As previously noted, web 14 includes a pocket 22 therein. As depicted in FIG. 1, pocket 22 is completely enclosed by stitching 20 about its periphery, except for that portion of the periphery which is adjacent a first frame batten 24. Frame 12 also includes a second frame batten 26. In the preferred embodiment, battens 24 and 26 are placed normal to one another within web 14. Frame batten 24 is removable from web 14 to allow collapsing of the web about frame batten 26. In the preferred embodiment, frame batten 24 is received within a sleeve 28 which is fastened to the interior side of first web side 16. A fastener 30 is provided to secure frame batten 24 to web 14. Fastener 30 may take any of several forms, including snaps, hook-and-loop fasteners, or an eye-and-hook structure. Placement of batten 24 in sleeve 28 isolates it from batten 26, which prevents wear on the two battens, as would occur in the instance where the battens were in contact with one another within pocket 22.
A support 32 is provided for sign 10, and, in this embodiment, is attached to frame batten 26, and is contiguous therewith. A handle 34 is located on support 32 and provides a means for gripping sign 10 by a worker. Handle 34 may be provided with a receiver in the base thereof, so that the sign may be placed on a pole so that the worker does not have to manually support the sign for long periods of time.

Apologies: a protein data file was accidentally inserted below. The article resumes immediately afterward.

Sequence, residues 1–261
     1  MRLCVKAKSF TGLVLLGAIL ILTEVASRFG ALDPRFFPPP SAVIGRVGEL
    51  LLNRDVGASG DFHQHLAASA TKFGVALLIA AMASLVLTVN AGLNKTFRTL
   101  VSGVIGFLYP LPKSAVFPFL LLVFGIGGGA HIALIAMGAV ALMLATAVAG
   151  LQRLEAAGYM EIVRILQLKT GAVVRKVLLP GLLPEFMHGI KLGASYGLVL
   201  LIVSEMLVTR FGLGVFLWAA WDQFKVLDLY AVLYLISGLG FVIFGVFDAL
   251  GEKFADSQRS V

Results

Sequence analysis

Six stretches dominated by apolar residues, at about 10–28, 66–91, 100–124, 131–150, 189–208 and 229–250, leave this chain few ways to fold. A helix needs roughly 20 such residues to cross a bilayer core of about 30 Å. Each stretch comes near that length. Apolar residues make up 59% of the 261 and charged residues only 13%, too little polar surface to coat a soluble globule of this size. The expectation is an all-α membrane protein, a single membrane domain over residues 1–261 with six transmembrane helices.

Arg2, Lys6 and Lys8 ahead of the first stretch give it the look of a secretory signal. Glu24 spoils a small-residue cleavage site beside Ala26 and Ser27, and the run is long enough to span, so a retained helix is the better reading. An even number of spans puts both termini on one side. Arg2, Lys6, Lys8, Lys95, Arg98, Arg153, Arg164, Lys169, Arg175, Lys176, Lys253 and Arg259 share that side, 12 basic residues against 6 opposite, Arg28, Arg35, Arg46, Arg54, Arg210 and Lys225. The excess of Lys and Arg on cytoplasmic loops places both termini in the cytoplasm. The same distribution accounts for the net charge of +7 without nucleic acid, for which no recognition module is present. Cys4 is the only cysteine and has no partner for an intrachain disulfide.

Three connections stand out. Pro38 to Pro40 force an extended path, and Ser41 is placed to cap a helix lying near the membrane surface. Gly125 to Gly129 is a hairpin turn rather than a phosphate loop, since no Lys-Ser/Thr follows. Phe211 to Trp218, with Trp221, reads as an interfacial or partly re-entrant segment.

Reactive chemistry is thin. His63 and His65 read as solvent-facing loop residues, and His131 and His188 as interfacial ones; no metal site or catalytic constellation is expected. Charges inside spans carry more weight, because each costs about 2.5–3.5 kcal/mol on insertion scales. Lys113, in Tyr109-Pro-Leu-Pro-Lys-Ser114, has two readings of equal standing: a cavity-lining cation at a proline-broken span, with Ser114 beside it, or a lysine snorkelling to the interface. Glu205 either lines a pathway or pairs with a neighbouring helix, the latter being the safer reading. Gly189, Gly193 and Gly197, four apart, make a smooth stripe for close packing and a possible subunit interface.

Sign 10 includes stiffening battens 36 and 38, which, in the preferred embodiment, are secured to web 14 as by stitching between sides 16 and 18. The stiffening battens may also be fixed to web 14 by adhesive or heat-sealing. Stiffening battens 36, 38 are provided to provide rigidity to web 14. The stiffening battens are arranged parallel to the fixed batten, so that the web may be rolled up when the removable batten is removed.
The removable batten may be equipped with a lanyard, particularly, a stretchable lanyard 39, which may be used to secure the removable batten to the web when the web is rolled up. Lanyards may be provided at both ends of the removable batten so as to secure the removable batten to the rolled-up sign and to maintain the sign in a rolled-up condition.
Referring now to FIG. 3, a second embodiment of the sign is depicted generally at 40. In this embodiment of the sign, frame batten 24 is fixed to web 14, while frame batten 26 is removable from sleeve 28. This embodiment is useful for those conditions in which it is helpful to have a longer removable batten, which may include means for securing the sign in a rolled up condition, such as lanyard 39.